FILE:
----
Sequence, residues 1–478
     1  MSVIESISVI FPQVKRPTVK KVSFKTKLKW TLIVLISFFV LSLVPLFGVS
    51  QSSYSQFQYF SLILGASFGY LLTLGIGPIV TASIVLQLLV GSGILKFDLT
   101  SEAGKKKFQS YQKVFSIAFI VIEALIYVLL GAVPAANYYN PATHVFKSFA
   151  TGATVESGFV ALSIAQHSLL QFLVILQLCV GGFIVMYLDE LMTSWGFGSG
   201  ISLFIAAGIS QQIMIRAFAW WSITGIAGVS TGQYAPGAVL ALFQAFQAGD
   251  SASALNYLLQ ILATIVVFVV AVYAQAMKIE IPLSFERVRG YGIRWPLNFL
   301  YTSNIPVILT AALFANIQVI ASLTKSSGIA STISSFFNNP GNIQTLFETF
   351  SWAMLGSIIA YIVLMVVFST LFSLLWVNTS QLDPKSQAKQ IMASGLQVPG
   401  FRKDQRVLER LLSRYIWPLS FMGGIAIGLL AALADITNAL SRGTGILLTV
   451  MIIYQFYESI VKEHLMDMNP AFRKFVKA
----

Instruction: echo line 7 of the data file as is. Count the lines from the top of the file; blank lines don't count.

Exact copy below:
   251  SASALNYLLQ ILATIVVFVV AVYAQAMKIE IPLSFERVRG YGIRWPLNFL